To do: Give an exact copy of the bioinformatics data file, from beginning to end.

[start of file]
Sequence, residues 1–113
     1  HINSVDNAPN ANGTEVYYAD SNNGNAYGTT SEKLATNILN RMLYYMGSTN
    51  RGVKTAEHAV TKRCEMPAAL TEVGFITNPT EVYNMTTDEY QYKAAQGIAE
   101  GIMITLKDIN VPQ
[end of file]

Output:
Sequence, residues 1–113
     1  HINSVDNAPN ANGTEVYYAD SNNGNAYGTT SEKLATNILN RMLYYMGSTN
    51  RGVKTAEHAV TKRCEMPAAL TEVGFITNPT EVYNMTTDEY QYKAAQGIAE
   101  GIMITLKDIN VPQ